Shortly after the UK lockdown began at the end of March 2020, so-called COVID clauses in residential sale contracts began to be used routinely across the sector. Such clauses provide a mechanism for parties to exchange contracts while retaining a degree of financial protection, by ensuring that they are not in default if completion is unavoidably delayed due to a defined “COVID event.” A party’s right to serve a notice to complete in these circumstances is also suspended.
The housing market reopened for business on 13 May 2020, and sales and completions can now resume provided they take place in accordance with government guidance. That guidance encourages ongoing flexibility around house moves and suggests that property lawyers should continue to factor COVID-19 into all sale and purchase contracts.
We can therefore expect COVID-19 clauses in one form or another to be with us for some time to come. Lawyers will want to protect their clients’ contractually against a possible second wave of infections and a further lockdown in the UK.
At the beginning of the lockdown, those who had already exchanged contracts to buy or sell residential property wondered if their contracts could somehow be frustrated by the crisis. However, it is widely accepted that a property sale and purchase contract will not be frustrated by an outbreak such as coronavirus.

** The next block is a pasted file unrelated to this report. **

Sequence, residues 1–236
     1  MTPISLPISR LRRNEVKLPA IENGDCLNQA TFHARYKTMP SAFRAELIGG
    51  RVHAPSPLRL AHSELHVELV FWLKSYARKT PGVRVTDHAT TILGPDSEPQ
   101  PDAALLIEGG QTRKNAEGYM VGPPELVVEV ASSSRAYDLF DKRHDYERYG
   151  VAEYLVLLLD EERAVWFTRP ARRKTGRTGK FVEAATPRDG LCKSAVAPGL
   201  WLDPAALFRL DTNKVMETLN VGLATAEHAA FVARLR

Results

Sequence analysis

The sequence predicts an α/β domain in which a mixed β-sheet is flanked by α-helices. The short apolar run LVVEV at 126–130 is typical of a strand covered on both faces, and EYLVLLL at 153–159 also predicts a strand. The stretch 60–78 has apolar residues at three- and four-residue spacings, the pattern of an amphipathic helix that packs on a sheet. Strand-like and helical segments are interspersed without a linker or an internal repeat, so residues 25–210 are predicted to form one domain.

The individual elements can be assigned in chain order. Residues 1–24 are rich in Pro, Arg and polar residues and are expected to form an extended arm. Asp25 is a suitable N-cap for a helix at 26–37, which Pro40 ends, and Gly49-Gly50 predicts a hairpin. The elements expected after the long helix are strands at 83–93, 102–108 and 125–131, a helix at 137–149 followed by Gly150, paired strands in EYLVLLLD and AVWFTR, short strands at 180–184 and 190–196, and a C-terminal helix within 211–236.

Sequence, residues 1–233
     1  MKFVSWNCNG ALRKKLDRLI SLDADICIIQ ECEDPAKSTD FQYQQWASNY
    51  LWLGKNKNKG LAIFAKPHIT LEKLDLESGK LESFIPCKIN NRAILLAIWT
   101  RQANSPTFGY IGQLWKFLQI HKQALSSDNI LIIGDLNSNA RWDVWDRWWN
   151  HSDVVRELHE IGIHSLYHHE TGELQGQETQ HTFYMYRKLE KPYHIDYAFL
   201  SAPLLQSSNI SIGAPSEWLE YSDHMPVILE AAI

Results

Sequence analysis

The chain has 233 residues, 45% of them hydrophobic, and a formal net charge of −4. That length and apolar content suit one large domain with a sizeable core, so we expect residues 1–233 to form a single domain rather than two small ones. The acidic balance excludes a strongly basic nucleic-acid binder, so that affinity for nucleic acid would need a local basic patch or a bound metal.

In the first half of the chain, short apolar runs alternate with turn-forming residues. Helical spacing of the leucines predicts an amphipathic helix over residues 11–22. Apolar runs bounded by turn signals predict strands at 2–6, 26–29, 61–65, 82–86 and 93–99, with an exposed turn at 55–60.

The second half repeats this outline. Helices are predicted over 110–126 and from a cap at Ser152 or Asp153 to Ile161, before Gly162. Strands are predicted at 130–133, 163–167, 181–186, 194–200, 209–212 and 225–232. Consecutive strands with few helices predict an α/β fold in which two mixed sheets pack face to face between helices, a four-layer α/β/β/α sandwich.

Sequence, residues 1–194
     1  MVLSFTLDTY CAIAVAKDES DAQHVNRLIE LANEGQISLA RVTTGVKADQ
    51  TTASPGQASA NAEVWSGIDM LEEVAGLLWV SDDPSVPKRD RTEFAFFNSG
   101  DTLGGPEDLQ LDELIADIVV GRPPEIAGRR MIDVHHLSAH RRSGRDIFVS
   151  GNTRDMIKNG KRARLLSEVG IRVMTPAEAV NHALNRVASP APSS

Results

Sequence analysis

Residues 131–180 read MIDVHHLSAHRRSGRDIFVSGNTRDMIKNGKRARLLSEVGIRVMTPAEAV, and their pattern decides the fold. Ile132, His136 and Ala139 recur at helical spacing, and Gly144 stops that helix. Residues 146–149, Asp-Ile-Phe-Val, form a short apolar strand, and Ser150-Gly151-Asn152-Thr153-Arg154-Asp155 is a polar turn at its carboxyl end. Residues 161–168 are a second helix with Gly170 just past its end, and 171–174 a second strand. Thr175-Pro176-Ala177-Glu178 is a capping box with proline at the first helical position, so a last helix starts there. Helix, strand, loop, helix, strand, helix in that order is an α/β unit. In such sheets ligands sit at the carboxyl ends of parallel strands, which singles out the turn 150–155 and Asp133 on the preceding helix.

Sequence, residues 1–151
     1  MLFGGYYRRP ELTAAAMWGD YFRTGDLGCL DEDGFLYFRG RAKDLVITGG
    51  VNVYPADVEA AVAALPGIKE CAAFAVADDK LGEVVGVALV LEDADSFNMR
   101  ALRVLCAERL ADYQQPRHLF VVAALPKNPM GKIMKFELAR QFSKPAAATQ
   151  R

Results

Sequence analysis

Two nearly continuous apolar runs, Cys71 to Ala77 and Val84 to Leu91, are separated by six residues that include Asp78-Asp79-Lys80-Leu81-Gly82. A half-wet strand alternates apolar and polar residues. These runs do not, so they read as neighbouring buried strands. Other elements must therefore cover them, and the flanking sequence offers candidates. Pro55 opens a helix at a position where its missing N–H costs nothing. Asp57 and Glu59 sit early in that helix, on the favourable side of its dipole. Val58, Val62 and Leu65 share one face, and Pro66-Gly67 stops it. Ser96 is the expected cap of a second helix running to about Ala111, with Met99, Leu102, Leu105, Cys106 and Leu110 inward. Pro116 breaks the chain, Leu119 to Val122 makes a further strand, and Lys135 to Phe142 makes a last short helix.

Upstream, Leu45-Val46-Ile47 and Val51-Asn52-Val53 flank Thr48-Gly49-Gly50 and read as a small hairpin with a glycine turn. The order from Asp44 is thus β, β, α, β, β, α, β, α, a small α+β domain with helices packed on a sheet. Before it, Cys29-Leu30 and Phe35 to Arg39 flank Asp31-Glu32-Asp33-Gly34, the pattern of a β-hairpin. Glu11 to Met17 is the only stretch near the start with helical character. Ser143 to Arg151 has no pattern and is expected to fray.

The doctrine of frustration requires that the circumstances in which performance of the contract is called for would render the outcome radically different from that which the parties contemplated under the contract. This is not the case with a property contract during COVID-19, despite the range of practical hurdles that may be present.
If performed, the contract would deliver exactly what the parties had bargained for. So frustration has not provided the answer for buyers, or for those sellers who were unable to organise removal of their furniture or were ill and self-isolating as their completion date drew closer.
By Lisa Bevan, please read the full article on Taylorwessing.com.